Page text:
High Points
Credit must also go to the look of the film, in particular, its actual characters. Fuller is an attractive young actress, but the film is smart enough to let her look natural, patchy skin and all. It’s refreshing to believe our characters as real people, something too many films are too terrified to try

Low Points
As I said, the soundtrack does become a tad obtrusive at times

Lessons Learned
Never send a diner burger back to a Texas kitchen

When bound to a chair with your family’s life hanging in your voice, listen to the crazed war veteran asking you questions and for goodness sake, answer them 

Condoms people. Condoms.

Red White & Blue is currently streaming on Neflix and is certainly worth a thoughtful viewing, providing you enjoy complicated and brutal horror that tries to/might be socially important. I’m still not entirely sure where I fall, but I’m glad I watched the film and look forward to eventually revisiting it with a director commentary track. It does make me curious to seek out filmmaker Simon Rumley’s other work, including the also-Instant Watch The Living and the Dead. I like his ambition and directorial guts.

Now let's forget our problems with another helping of flag puppies:


  1. This vaguely reminds me of a Japanese horror film called Living Hell (naturally it was dubbed as 'The Japanese Chainsaw Massacre', despite it having zero chainsaws and nada massacres). It's a film that's sorta Ketchum-y, with the film's violence escalating until it becomes one with the title.

  2. Oooooh I'm quite intrigued and will look into that one. I've seen ANOTHER film called Living Hell but that was a SyFy Channel original that did not disturb. Will definitely seek this one out. I love these kinds of films that make me hate the world.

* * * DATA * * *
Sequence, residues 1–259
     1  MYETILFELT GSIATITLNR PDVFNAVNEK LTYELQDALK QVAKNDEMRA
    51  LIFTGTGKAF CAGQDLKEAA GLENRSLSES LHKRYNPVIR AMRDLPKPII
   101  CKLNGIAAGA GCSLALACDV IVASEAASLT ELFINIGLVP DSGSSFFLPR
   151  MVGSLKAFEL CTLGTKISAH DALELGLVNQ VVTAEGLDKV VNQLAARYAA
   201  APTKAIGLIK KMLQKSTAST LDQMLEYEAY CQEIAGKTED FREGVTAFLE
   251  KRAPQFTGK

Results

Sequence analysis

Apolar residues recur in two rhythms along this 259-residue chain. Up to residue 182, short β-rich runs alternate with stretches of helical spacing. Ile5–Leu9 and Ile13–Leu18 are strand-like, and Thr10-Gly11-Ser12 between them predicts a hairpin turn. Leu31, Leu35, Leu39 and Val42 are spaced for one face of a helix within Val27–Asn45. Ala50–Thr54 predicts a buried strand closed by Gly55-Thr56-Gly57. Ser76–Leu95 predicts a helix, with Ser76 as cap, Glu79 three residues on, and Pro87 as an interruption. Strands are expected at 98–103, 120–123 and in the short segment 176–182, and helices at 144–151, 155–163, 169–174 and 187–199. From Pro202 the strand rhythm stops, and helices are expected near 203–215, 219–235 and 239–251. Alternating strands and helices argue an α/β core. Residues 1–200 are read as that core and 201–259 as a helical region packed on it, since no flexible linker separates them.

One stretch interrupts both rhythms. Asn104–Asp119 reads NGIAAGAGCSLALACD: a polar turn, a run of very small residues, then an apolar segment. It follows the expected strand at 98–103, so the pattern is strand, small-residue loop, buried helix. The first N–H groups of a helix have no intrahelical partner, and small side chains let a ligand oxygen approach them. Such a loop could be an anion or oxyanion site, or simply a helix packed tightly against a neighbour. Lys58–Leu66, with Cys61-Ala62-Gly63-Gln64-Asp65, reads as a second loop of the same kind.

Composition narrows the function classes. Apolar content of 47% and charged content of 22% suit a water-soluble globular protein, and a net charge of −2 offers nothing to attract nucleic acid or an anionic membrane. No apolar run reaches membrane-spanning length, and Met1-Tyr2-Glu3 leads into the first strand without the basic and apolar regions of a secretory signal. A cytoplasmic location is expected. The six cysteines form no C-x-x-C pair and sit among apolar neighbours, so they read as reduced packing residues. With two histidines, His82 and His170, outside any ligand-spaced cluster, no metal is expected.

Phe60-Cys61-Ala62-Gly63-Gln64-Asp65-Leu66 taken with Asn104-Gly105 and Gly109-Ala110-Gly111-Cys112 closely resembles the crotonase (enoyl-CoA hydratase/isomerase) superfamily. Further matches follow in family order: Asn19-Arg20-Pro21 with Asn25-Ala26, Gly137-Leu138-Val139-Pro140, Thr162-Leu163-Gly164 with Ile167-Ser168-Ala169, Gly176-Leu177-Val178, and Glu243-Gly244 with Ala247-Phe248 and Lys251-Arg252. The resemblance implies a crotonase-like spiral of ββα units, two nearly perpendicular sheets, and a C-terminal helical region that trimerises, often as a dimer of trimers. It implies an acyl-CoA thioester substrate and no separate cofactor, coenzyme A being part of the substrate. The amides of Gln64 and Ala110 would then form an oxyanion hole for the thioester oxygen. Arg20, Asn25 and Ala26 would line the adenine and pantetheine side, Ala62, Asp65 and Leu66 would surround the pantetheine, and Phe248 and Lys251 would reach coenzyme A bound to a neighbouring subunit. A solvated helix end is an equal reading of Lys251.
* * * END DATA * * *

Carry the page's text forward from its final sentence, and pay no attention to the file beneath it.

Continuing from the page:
3. Heh, interesting find....
    I will queue this one.

    Great review!

  4. I started reading this post yesterday and then stopped at the 2nd spoiler alert and I'm glad I did. Great acting- I was impressed by both the look and score of the film and didn't find it pretentious. Disturbing and unsettling? Yes. I'd watch more of Rumley's work, too.

  5. Enjoy Andrew!

    Glad you went into it without knowing too much John. Rumley's other film, The LIving and the Dead, is sitting high on my queue so I'm hoping to get to it soon. Definitely a filmmaker to watch.

  6. This is one of the most soul crushing films I've ever watched. There's no real villain in the film, just three very fucked up characters. The closest thing you have to a "bad guy" is donating blood to keep his cancer riddled mom alive for cripes sakes.

  7. Agreed Mike. Senter's character is actually a REALLY nice guy when things are okay, and when he goes off the deep end, you understand (not agree, but understand). It's a complicated one...

  8. Bit late but I'm pretty sure Noah Taylor is Australian, he seems to be a master of accents though.

  9. Ain't no time limit here! Thanks!

  10. Just watched this for my October/Halloween tally. It reminds me of Henry: Portrait of a Serial Killer in spots. You have two of the main characters living on society's fringes, circling the drain to nowhere. But the movie blends the fringes with middle-class society and how things can spiral out of control for regular people.

    There is no real baddie here. Just three people not able to process what life has given them. Their emotional scars impact them in ways that are realistic and truly painful. They all go over the edge and bring down others in the process.

    Not a perfect film--it really is too pretentious for that. But a good movie and the best (or worst?) kind of horror film: the one that can actually happen in real life. Noah Taylor is really good.

    Thanks for mentioning it so many months ago!

  11. So glad to hear your thoughts on it! Definitely a tad pretentious for its own good, but still such a great exploration of these three people. I can definitely see the Henry comparison now that you mentioned it. If you get a a chance, check out The Living and the Dead. Not quite as accomplished as Red White & Blue, but quite an interesting watch. Rumley is a director that I'm definitely looking forward to following in the future.